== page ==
Q If I hold dividend reinvestment plans in an Individual Retirement Account, do I have to reinvest dividends?
A You cannot take distributions from an IRA without incurring at least taxes on the distributions and penalties if you are younger than age 59½. Thus, if you take receipt of dividends from DRIP IRAs, that would be considered a distribution for tax purposes. Now, let’s say you have DRIPs in an IRA that is being administered by a trust company. If the trust company offers a money market account within an IRA, it might be able to place the dividends within the money market account instead of reinvesting them in the stock. Keep in mind that the dividends are still held in an IRA (the IRA money market account), so you still won’t be able to receive them without incurring taxes and possibly a penalty. Bottom line: Make sure you reinvest dividends on DRIPs held in IRAs.
Q One of the problems I see with investing in dividend reinvestment plans is that you don’t have precise control over the buy and sell price. To me, this is a big deal. What do you think?
A I would agree that you don’t have the control over the buy and sell price through dividend reinvestment plans that you have investing with a broker. Fortunately, the situation is improving in the DRIP world. Many dividend reinvestment plans now purchase shares weekly or even daily, when practical. This is a far cry from the quarterly or monthly buying patterns of most DRIPs five or 10 years ago. Also, a number of dividend reinvestment plans now permit DRIP investors to sell their shares on a daily basis via the telephone. This has greatly improved the transaction speed on the sell side.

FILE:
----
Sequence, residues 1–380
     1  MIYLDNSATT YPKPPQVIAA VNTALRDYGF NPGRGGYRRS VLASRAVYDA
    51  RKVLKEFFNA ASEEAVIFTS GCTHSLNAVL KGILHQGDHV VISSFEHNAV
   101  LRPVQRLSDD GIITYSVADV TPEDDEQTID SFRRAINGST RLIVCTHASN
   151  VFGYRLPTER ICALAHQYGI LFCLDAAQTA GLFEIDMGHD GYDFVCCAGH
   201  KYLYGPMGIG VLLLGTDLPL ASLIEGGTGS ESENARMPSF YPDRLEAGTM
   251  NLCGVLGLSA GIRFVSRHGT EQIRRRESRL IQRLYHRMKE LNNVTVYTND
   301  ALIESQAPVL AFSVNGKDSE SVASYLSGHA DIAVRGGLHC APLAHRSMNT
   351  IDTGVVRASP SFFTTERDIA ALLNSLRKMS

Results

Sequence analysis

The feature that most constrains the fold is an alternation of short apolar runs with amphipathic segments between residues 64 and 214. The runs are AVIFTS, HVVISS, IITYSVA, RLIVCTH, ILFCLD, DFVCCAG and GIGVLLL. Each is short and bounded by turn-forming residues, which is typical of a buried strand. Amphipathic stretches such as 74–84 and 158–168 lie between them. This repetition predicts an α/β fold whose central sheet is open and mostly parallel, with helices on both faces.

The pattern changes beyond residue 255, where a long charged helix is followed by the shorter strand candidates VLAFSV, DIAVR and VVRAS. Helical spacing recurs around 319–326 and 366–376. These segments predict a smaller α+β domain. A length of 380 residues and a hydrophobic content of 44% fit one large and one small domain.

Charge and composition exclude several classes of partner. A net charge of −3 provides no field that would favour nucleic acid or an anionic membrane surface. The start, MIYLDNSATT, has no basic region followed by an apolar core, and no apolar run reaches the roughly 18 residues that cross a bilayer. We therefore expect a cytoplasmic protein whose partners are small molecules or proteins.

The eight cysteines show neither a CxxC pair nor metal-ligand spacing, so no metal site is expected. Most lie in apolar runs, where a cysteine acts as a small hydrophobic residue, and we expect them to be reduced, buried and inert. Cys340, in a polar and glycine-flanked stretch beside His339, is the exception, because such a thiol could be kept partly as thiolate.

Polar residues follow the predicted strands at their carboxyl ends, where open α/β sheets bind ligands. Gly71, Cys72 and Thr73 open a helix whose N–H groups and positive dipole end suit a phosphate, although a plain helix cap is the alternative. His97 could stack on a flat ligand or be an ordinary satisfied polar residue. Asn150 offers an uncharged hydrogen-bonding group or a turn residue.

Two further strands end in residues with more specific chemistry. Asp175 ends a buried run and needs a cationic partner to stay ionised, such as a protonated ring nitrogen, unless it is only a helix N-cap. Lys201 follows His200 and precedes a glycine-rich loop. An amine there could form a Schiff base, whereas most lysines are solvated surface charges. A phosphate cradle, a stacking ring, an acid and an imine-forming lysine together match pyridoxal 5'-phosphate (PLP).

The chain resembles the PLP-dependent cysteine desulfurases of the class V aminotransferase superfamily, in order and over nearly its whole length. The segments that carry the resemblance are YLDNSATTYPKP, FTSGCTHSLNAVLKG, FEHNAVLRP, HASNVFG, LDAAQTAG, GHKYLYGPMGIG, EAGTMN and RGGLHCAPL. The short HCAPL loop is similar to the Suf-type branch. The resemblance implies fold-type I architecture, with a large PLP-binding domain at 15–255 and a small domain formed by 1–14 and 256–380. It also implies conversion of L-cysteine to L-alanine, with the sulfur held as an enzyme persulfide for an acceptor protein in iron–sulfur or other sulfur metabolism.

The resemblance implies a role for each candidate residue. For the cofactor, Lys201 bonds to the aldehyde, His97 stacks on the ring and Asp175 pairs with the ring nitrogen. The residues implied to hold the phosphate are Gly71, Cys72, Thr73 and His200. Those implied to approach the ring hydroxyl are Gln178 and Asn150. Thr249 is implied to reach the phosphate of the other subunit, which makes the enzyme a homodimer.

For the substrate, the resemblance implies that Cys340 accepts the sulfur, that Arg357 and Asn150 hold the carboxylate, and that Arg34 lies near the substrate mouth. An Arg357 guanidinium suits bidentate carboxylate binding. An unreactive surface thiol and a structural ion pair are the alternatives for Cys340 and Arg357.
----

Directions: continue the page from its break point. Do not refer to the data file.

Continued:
Quite frankly, the fact that I don’t have precise control over the buy and sell price doesn’t bother me. I figure that, over time, I’m just as apt to buy shares at a more favorable price than I am to pay a higher price. And since I sell so infrequently, the fact that I cannot sell shares now doesn’t concern me. In fact, I think one of the things that gets investors into trouble is that it is too easy to buy and sell stocks these days, especially with the advent of online trading. I think too many investors trade stocks simply because they can, rather than because they should. I also think that having precise control over the buy and sell price may cause you to try to "micro" time purchases and sells. I can’t tell you how many times I’ve seen investors fail to buy a stock simply because the stock never fell to that investor’s "buy" price. If you try to finesse the purchase price too much, oftentimes you’ll never buy the stock because it rallies away from your target price. Don’t worry so much that you cannot buy stock in dividend reinvestment plans at a precise price. If it’s a good stock and you’re investing for the long term, it shouldn’t matter.